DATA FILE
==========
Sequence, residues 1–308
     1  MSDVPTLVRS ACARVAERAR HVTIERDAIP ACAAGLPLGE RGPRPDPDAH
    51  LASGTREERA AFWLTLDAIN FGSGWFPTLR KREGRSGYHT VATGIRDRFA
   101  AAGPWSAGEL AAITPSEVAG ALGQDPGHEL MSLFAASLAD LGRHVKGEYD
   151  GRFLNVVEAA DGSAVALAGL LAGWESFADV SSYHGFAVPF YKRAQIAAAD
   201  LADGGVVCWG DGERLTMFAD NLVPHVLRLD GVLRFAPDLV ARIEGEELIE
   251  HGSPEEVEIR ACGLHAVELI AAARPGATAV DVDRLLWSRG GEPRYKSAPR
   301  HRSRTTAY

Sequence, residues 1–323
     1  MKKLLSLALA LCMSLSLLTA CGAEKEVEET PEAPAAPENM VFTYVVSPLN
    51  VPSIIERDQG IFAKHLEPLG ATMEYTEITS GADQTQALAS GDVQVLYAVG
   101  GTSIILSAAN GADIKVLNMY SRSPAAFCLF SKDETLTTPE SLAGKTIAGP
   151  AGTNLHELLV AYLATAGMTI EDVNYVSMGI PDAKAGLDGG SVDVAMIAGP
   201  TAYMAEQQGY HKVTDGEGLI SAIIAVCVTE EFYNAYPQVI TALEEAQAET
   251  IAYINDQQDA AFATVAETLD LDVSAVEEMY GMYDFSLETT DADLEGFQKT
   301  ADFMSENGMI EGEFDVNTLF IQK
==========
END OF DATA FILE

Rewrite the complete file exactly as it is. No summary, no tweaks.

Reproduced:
Sequence, residues 1–308
     1  MSDVPTLVRS ACARVAERAR HVTIERDAIP ACAAGLPLGE RGPRPDPDAH
    51  LASGTREERA AFWLTLDAIN FGSGWFPTLR KREGRSGYHT VATGIRDRFA
   101  AAGPWSAGEL AAITPSEVAG ALGQDPGHEL MSLFAASLAD LGRHVKGEYD
   151  GRFLNVVEAA DGSAVALAGL LAGWESFADV SSYHGFAVPF YKRAQIAAAD
   201  LADGGVVCWG DGERLTMFAD NLVPHVLRLD GVLRFAPDLV ARIEGEELIE
   251  HGSPEEVEIR ACGLHAVELI AAARPGATAV DVDRLLWSRG GEPRYKSAPR
   301  HRSRTTAY

Sequence, residues 1–323
     1  MKKLLSLALA LCMSLSLLTA CGAEKEVEET PEAPAAPENM VFTYVVSPLN
    51  VPSIIERDQG IFAKHLEPLG ATMEYTEITS GADQTQALAS GDVQVLYAVG
   101  GTSIILSAAN GADIKVLNMY SRSPAAFCLF SKDETLTTPE SLAGKTIAGP
   151  AGTNLHELLV AYLATAGMTI EDVNYVSMGI PDAKAGLDGG SVDVAMIAGP
   201  TAYMAEQQGY HKVTDGEGLI SAIIAVCVTE EFYNAYPQVI TALEEAQAET
   251  IAYINDQQDA AFATVAETLD LDVSAVEEMY GMYDFSLETT DADLEGFQKT
   301  ADFMSENGMI EGEFDVNTLF IQK